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Several reported dead after opposition group attacks security forces in Chad's capital

By Mandy Donalds
|
February 29, 2024

In the heartland of central Africa, the nation of Chad witnessed a violent outburst that resulted in several fatalities.

The incident, described by government officials, involved an assault by an opposition faction on the headquarters of the National State Security Agency (ANSE) in the nation's capital.

This event unfolded just a day after the announcement of the country's upcoming presidential election date.

The events set a tense prelude to what is expected to be a closely watched electoral process, as Fox News reported.

The Attack: Opposition Versus State

The government's communication channels were quick to attribute the attack to The Socialist Party Without Borders, spearheaded by Yaya Dillo.

Dillo, not just an opposition leader but also a relative of the current president, positions himself as a formidable candidate in the impending election.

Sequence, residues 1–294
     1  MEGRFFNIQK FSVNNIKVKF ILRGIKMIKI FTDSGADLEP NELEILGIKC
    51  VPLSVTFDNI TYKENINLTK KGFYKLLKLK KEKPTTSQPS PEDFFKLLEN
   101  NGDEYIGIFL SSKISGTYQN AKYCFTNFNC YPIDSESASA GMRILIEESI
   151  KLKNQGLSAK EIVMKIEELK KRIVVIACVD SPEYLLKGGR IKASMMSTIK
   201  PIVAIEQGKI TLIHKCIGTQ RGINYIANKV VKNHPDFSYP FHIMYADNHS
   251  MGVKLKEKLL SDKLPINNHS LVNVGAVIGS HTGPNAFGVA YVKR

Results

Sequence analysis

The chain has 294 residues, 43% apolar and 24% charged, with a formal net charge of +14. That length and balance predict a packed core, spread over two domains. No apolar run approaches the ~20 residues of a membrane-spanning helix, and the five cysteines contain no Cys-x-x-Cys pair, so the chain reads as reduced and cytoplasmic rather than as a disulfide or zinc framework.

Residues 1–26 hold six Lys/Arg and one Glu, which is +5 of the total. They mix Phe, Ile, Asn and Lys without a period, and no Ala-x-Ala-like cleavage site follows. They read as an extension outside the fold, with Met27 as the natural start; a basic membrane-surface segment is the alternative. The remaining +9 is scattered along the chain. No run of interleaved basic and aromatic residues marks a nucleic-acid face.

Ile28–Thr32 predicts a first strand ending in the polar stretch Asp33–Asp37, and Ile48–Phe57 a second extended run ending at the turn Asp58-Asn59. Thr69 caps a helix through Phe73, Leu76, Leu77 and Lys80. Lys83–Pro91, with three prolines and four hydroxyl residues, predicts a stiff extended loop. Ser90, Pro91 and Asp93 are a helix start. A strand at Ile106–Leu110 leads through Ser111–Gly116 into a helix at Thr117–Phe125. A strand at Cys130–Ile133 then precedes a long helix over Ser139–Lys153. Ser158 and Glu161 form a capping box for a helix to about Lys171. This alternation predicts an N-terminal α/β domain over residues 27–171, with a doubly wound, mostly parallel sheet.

The government's spokesperson, Abderaman Koulamallah, provided a brief account of what occurred.

He said, "The situation is now totally under control," while highlighting the swift arrest of some assailants and the active pursuit of others.

However, specifics on the casualties or the exact number of individuals affected were not disclosed.

Koulamallah also connected this violent outbreak to a preceding event on the same day, involving the arrest of the opposition party's finance secretary.

The secretary faced allegations of attempting to assassinate the president of the country's supreme court.

That scenario further complicated the already volatile political landscape in Chad.

Political Backdrop and Internet Blackout

The roots of the current political climate trace back to the ascendancy of Mahamat Deby Itno.

Deby assumed the mantle of interim president following the demise of his father, who had been at the helm for over three decades until his fall in conflict with rebels in 2021.

The subsequent decision by the government to extend the initially planned 18-month transition period by an additional two years sparked widespread discontent and demonstrations throughout the nation.

In a move that further escalated tensions, the government announced Tuesday that the presidential elections were scheduled for May 6.

Following the assault on the ANSE office, the capital experienced an internet shutdown on Wednesday afternoon, a development that has heightened anxieties and uncertainties amongst the populace.